Pub. 12 2021 Issue 3


Collateral Concerns: Common Interest Ownership Communities

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West Virginia Banker Pub. 12 2021 Issue 3

Taking collateral in a common interest community should involve heightened due diligence because of the relative complexities associated with common interest communities and how liens attach to units. As a lender, you want to ensure you obtain the lien priority you desire. Accordingly, special attention should be paid to the Uniform Common Interest Ownership Act (UCIOA) and how it treats liens. Lenders should utilize title attorneys who are experienced with UCIOA, which West Virginia adopted in 1986. UCIOA applies to all common interest communities created in West Virginia after the effective date of the Act. Pre-existing communities are also subject to certain provisions of UCIOA, including the lien for assessments under W.Va. Code § 36B-3-116. Of note, UCIOA does not apply to a planned community in which all units are restricted exclusively to nonresidential use unless the Declaration, described below, provides that UCIOA does apply (W.Va. Code § 36B-1-207).

UCIOA is outlined in Chapter 36B of the West Virginia Code. Common interest communities are real estate for which a person, by virtue of their ownership of a unit, described below, is obligated to pay for real estate taxes, insurance premiums, maintenance or improvement of other real estate described in a Declaration (W.Va. Code § 36B-1-103(7)). A Declaration is an instrument that creates the common interest community and can be found of record in the county clerk’s office of the county in which the real estate is located (W.Va. Code § 36B-1-103(13)). Importantly, the Declaration may require that all or a specified number or percentage of the lenders who hold security interests encumbering the units approve specified actions of the unit owners or the association as a condition to the effectiveness of those actions (W.Va. Code § 36B-2-119). Lender approvals are often associated with larger condominiums developed for commercial and residential use, with the intent to lease units.

Under UCIOA, almost every common interest community in West Virginia is required to have a homeowners association. The membership of the association, at all times, consists exclusively of all unit owners (W.Va. Code § 36B-3-101). The association is responsible for paying expenses associated with the common elements, described below, through assessments levied against each unit. The assessments are based on the allocated interest attributed to each unit. Units are a physical portion of the common interest community designated for separate ownership or occupancy (W.Va. Code § 36B-1-103(33). Lots in a planned community, for instance, are units. The common elements are generally portions of the common interest community other than units. Each unit and its allocated interests are separately taxed and assessed (W.Va. Code § 36B-1-105(b)(2)).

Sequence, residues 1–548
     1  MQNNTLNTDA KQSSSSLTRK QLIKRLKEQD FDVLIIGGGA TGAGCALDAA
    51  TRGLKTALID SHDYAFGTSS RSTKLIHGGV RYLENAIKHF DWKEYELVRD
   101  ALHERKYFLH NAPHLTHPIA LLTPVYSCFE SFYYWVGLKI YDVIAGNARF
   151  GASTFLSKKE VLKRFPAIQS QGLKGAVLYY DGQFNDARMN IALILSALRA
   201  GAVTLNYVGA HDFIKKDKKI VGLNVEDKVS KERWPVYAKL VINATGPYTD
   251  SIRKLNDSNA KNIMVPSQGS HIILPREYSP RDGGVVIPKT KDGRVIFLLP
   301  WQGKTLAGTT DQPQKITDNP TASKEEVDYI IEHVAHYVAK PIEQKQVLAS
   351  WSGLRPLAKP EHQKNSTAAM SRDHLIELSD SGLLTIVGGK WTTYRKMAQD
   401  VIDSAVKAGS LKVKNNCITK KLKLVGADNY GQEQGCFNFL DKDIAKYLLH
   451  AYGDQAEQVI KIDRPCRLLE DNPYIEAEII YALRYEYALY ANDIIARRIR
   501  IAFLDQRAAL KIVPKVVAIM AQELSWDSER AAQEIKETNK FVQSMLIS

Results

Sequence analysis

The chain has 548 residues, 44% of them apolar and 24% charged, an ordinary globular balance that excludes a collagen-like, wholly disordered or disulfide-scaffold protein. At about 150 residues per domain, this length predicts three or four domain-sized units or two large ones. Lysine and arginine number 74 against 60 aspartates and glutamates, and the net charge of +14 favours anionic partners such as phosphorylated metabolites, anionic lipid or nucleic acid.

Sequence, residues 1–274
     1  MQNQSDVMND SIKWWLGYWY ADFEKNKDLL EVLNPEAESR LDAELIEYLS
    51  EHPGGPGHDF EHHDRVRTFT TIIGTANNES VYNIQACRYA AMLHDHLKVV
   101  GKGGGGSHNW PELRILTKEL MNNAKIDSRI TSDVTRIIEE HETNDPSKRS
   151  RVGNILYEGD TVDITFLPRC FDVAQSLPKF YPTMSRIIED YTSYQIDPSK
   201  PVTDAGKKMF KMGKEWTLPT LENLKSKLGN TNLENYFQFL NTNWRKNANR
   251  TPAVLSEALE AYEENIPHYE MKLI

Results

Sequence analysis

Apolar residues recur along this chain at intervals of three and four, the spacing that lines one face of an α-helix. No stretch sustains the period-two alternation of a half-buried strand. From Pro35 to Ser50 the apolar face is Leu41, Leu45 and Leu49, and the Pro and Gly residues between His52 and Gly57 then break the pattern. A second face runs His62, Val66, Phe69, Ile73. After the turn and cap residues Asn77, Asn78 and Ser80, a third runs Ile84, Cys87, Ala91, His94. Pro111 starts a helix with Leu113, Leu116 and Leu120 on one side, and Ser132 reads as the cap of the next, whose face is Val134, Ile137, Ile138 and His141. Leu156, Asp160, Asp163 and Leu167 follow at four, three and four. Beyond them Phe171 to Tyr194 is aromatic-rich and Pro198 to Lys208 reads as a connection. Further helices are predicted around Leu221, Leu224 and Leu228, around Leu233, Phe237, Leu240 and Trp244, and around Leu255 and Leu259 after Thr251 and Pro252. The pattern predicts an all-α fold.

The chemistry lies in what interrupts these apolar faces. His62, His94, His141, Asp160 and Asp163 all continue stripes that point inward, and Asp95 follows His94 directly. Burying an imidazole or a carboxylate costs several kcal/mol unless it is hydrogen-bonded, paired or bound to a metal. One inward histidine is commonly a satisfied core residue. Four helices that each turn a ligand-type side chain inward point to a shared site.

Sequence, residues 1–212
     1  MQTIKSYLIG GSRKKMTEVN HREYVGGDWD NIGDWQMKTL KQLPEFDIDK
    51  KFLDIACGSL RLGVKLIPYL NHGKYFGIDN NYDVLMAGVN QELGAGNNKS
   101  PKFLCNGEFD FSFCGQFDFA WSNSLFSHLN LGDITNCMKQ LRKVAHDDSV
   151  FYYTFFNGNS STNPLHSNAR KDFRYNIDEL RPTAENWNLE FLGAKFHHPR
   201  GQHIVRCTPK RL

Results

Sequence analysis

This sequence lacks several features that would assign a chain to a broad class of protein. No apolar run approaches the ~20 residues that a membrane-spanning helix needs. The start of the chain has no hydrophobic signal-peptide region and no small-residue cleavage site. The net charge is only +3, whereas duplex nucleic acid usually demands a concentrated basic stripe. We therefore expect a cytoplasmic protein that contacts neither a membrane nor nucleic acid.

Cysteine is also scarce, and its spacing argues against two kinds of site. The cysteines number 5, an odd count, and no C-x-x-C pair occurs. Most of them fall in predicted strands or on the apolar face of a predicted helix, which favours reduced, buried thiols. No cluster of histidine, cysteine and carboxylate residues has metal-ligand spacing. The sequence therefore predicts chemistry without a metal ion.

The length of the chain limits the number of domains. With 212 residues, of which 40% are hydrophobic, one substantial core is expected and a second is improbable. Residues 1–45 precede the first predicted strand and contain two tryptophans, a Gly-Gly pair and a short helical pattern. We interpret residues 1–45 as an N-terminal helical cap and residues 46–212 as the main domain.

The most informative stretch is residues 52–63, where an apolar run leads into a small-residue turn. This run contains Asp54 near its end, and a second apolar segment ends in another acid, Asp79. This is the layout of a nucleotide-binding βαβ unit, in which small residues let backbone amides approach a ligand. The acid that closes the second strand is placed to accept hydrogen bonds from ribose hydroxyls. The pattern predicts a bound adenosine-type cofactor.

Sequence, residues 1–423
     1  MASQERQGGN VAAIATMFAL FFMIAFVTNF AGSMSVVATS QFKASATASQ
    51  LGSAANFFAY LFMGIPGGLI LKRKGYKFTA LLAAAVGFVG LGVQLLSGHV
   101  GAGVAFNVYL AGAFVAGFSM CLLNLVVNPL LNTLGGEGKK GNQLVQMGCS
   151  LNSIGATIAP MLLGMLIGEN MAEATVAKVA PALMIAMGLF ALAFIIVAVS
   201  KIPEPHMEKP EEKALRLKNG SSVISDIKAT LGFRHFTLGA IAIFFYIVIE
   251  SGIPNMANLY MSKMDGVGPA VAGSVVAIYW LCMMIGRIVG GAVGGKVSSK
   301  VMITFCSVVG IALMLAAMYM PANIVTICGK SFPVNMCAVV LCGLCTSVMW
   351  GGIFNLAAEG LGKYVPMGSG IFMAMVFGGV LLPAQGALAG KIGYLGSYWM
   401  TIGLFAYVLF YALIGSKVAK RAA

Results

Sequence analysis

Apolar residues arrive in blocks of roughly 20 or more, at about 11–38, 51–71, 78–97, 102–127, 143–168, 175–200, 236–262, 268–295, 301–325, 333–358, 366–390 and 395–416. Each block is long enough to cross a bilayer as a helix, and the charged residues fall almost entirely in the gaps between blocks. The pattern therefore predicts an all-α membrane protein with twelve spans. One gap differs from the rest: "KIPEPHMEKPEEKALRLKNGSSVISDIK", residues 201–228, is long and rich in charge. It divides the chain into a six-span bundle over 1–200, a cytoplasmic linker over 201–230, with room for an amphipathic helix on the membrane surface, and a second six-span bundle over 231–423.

To perfect and preserve the assessment lien, the association is required to provide notice to the unit owner. The lien is discharged as to subsequent purchasers for value without notice unless the association records a notice of the lien in the county clerk’s office.

So why should a lender be concerned with taking a unit as collateral for payment of a loan obligation? Because, in part, much like a mechanic’s lien, an assessment lien may take priority over a Deed of Trust lien. The association has a lien on a unit for any assessment levied against that unit or fines imposed against its unit owner from the time the assessment or fine becomes due. Of particular note, if an assessment is payable in installments, the full amount of the assessment is a lien from the time the first installment thereof becomes due (W.Va. Code § 36B-3-116(a)).